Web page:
Being named the first Asian American Bachelorette for Season 21 of “The Bachelorette” was one of those celebratory moments for Tran and the Asian community. Her engaging personality and vulnerability captured the hearts of viewers, who were moved by her resilience. Her journey on “The Bachelor” and her new role as the Bachelorette transcended love as it also gave her an opportunity to focus on healing and rediscovering her identity and roots.

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“My mom experienced a lot of racism because the people weren't exposed to a lot of Asians. My brother – he's nine years older than I am — grew up without representation. And I grew up without representation. So for us, representation matters. We've experienced so much racism in our lifetime that we're excited to be a part of eliminating that. Representation matters because exposure matters. The more people are exposed to something different than themselves, the less likely they are to be afraid of it or hate on it.”

In “The Bachelorette,” Tran meets 25 men to date before gradually eliminating them through rose ceremonies until she finds her potential fiance. The show, which features group and one-on-one dates, cocktail parties and hometown visits, traditionally concludes with a final rose ceremony where the Bachelorette accepts a proposal from her chosen suitor, followed by a live reunion special to update viewers on their relationship status.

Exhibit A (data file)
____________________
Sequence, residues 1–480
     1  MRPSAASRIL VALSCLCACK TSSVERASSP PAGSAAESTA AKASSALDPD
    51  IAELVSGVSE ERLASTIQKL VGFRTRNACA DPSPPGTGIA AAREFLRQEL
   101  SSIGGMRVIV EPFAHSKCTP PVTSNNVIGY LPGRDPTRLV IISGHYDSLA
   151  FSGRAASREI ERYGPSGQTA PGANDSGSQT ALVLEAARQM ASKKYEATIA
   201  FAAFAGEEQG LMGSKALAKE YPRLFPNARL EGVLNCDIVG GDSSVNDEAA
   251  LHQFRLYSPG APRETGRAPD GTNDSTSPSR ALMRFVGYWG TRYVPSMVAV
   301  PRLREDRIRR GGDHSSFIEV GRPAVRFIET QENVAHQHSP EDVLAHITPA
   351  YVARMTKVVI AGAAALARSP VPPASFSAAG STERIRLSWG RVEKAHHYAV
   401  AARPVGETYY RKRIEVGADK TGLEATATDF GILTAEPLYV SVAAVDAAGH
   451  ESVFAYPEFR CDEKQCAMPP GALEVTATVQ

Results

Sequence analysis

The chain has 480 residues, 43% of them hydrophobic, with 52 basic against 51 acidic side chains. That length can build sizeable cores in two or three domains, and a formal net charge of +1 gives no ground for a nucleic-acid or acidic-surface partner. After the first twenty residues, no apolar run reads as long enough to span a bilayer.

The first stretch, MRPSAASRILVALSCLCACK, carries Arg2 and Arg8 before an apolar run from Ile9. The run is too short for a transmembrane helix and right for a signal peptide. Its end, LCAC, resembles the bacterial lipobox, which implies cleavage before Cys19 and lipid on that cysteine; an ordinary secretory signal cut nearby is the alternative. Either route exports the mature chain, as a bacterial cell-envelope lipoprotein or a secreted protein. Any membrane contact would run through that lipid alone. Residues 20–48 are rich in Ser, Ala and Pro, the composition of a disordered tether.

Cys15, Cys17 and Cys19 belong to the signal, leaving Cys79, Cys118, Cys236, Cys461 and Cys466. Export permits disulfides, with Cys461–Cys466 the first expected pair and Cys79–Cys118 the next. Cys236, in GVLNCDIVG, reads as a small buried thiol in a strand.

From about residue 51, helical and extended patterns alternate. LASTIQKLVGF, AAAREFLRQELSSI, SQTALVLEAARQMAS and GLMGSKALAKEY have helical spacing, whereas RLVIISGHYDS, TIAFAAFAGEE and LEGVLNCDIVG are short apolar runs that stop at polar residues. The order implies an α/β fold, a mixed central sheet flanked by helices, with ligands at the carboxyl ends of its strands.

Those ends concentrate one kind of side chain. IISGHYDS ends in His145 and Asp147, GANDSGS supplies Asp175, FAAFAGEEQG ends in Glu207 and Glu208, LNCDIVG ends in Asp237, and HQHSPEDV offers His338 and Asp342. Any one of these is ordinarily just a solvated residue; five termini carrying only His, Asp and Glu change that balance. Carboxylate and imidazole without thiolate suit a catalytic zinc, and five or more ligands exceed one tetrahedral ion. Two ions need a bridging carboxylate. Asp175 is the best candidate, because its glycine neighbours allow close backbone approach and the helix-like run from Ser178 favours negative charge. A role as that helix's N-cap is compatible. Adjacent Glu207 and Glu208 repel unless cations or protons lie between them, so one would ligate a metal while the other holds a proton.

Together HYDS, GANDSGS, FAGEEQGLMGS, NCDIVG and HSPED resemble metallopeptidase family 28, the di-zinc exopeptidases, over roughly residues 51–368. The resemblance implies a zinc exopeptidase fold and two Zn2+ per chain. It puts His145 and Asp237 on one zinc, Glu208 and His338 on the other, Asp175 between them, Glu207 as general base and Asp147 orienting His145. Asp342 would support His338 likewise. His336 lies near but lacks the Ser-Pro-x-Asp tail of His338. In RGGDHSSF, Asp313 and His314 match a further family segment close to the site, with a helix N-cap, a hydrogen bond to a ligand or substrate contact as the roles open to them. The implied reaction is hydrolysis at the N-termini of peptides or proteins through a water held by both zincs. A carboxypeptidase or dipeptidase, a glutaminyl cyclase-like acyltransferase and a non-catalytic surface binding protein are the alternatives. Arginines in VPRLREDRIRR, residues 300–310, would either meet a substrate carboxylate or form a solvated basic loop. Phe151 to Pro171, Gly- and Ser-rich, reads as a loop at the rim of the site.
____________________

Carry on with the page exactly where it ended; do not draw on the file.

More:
“All the guys were different and unique in their own way. I was really surprised by how many strong connections I had with such different people,” she says, adding that the “best part” of the journey was being able to remain true to herself, put her needs first and value genuine connections.

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While Tran looks for a man with a “big personality” who can banter with her, she also realizes the importance of finding someone who truly sees and understands her, respects her culture and is open to tough conversations. Throughout the show, she learns to voice her needs and desires more confidently — a pivotal growth experience in her journey to find love.

“I would say that love isn't supposed to be hard. Love can get hard, but it's not supposed to be hard. And I would say that the only way to really be in love and to love somebody else is to let somebody in on who you really are and allow them to really understand you. Otherwise, if you're hiding parts of yourself, then how is the other person ever really going to know you and love you for you?”

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Tran acknowledges that overcoming feelings of unworthiness is challenging. However, she emphasizes the importance of retraining the brain to reject negative thoughts stemming from a lack of representation or toxic environments. She believes in daily efforts to embrace self-worth and make positive changes.

“I, at some point, just had a click in my brain and I was like, if I keep thinking that I don't deserve love, then I'm never going to find it. So if I start just believing that I'm worth it, and I deserve it, then at least I'm working towards it.”

So who will Tran end up trusting with her heart? Find out when “The Bachelorette” Season 21 premiere airs on ABC at 8 p.m. ET on July 8, with episodes available to stream on Hulu the day after they air.